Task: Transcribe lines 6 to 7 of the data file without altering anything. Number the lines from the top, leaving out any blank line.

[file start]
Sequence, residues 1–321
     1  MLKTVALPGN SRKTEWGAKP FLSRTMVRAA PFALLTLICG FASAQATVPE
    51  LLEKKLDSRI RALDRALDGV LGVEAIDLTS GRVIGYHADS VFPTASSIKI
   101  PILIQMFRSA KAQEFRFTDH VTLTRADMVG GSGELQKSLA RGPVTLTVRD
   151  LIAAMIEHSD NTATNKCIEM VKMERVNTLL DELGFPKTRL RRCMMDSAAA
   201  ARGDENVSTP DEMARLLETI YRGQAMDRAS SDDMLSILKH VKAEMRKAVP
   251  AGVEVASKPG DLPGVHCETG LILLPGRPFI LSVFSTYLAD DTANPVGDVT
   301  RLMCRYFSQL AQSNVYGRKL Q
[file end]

   201  ARGDENVSTP DEMARLLETI YRGQAMDRAS SDDMLSILKH VKAEMRKAVP
   251  AGVEVASKPG DLPGVHCETG LILLPGRPFI LSVFSTYLAD DTANPVGDVT